Motive is built upon a robust technical foundation. It emphasizes design, speed, and powerful built-in tools to enhance user experience and optimize dealership operations.
Technically, Motive leverages server-side rendering for dynamic content, ensuring a fast-loading and responsive website. Its AI-powered features, integrated with OpenAI, provide natural language search capabilities and an intelligent chat system, simulating human-like conversations about vehicles. Further, Motive offers group-level analytics, inventory sharing for large auto groups, real-time pricing management, and an AI-powered content engine to streamline content creation.
In this technical paper, we will explore how Motive handles SEO transitions for site moves, including the pre-launch and post-launch steps.
This paper is intended for highly technical and capable readers who understand the complexity and importance of SEO transitions.
II. Pre-Launch Steps
Accessing the Google Search Console (GSC) of the current site:
The first step in handling an SEO transition for a site move is to gain access to the GSC of the dealer's current website.
Creating a domain property if necessary:
In some cases, the current website may be using a property that is www only. This means that only data from the www version of the site is captured by search console. Since Motive sites use the root domain (without the www), we need to ensure that all data from the root domain and www is captured. To do so, we’ll create a domain property if one does not already exist. This property consolidates data from both the root domain and www versions of the site, providing a more accurate representation of the site's search performance. Unfortunately, creating a new domain property does not carryover historical data, so in these situations we operate with a bit less visibility than ideal.
Exporting a list of ranking pages:
To ensure that high-performing pages are recreated on the new site, a list of ranking pages is exported from the current search console. This list includes pages that are currently ranking for specific keywords, along with their corresponding click-through rates (CTRs) and average positions.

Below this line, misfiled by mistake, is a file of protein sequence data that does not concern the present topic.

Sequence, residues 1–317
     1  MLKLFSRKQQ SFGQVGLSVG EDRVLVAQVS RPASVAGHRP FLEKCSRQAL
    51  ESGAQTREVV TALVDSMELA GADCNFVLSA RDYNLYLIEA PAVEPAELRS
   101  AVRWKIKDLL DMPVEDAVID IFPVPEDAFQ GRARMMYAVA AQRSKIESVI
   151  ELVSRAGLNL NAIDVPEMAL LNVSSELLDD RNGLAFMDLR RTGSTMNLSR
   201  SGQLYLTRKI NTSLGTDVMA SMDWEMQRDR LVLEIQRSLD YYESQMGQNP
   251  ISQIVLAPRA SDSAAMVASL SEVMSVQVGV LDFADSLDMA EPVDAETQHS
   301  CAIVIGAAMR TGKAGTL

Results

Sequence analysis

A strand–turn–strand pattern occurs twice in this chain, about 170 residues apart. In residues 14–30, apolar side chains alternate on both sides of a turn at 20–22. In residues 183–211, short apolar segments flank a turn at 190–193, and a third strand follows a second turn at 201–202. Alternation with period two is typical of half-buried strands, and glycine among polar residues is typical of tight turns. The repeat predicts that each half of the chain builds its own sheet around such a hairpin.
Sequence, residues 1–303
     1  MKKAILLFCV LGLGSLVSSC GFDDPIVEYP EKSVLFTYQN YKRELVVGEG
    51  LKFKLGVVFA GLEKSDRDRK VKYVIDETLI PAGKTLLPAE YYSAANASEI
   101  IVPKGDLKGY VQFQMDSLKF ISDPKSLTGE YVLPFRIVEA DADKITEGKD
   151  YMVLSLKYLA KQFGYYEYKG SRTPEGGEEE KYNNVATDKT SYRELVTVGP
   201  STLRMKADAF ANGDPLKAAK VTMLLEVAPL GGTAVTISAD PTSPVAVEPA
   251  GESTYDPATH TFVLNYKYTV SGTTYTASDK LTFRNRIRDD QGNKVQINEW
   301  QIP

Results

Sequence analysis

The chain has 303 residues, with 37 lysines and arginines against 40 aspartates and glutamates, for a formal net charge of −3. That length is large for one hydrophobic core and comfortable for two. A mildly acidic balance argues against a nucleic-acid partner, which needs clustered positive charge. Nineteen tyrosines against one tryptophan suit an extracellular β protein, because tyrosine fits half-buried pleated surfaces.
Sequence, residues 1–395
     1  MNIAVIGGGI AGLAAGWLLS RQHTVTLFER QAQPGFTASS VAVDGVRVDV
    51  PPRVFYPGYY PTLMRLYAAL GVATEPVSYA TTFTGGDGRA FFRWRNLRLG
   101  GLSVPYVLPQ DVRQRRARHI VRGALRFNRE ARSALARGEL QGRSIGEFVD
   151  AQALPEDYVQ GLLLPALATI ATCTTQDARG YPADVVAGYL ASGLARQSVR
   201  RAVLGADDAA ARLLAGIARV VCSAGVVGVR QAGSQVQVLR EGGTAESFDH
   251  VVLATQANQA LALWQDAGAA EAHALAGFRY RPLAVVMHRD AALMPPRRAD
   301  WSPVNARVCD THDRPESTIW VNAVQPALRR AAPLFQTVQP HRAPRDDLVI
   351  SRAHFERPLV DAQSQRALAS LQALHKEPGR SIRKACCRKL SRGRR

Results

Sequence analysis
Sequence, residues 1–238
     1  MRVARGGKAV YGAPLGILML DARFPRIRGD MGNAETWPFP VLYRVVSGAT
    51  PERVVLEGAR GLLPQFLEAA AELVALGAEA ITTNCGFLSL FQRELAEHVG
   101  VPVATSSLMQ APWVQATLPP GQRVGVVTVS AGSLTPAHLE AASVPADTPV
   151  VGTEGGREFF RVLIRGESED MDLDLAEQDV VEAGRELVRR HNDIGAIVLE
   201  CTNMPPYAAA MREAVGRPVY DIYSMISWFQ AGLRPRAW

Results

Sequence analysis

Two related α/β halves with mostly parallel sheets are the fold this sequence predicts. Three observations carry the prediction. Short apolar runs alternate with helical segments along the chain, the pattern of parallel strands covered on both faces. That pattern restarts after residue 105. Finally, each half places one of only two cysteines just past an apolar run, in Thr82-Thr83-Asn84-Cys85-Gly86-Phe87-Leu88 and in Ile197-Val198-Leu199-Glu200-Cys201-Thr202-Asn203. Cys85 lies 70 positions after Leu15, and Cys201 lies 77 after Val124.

Recreating high-performing pages:
Once the list of high-performing pages has been exported, the next step is to recreate these pages on the new site. It is crucial to replicate these pages letter-for-letter, including the headings, images, alt text, formatting, and URL structure (if possible).
However, it's important to note that not all pages will be recreated letter-for-letter, initially. Pages that generate 90% of clicks are manually recreated to ensure that they have a 1:1 match, but all pages will be recreated eventually. This is because some pages may be less critical to the website's overall performance, but could still contribute to the website's search engine ranking. Pages that generate many impressions are also taken into consideration, as they can potentially generate more clicks if properly optimized on the new site.
To streamline the process of recreating pages, we built a page generation engine to recreate the remaining 10% of pages. This process saves hundreds of hours internally and allows us to be more detail-oriented. More on that process below.
Using a page generator to import pages into Motive's CMS:
One of the key technical achievements of Motive is our highly modular CMS, and it enables us to operate with a high degree of automation when it comes to site launches and page generation.
The page generator works by crawling the existing pages on the old site and converting them to markdown. This process is made possible by our powerful page analyzer, which is able to extract the content, images, and formatting from the existing pages and convert them into markdown code. Once the markdown code has been generated, it can be easily imported into Motive's CMS with just a few clicks. It also imports the SEO title and Description from the old page.
Mapping old slugs to the new slugs:
To ensure that the new site maintains the search engine ranking of the old site, it's important to match old URL slugs to new ones as closely as possible. This process involves examining the URL structure of the old site and replicating it on the new site. In some cases, the old URL slugs may not be replicable due to technical limitations. For example, if the old URLs have parent folders (e.g., /folder/page) that cannot be replicated on the new site, or if they end with a file extension (e.g., .html), which cannot be emulated. In such cases, the URL slug is matched to the new site as closely as possible.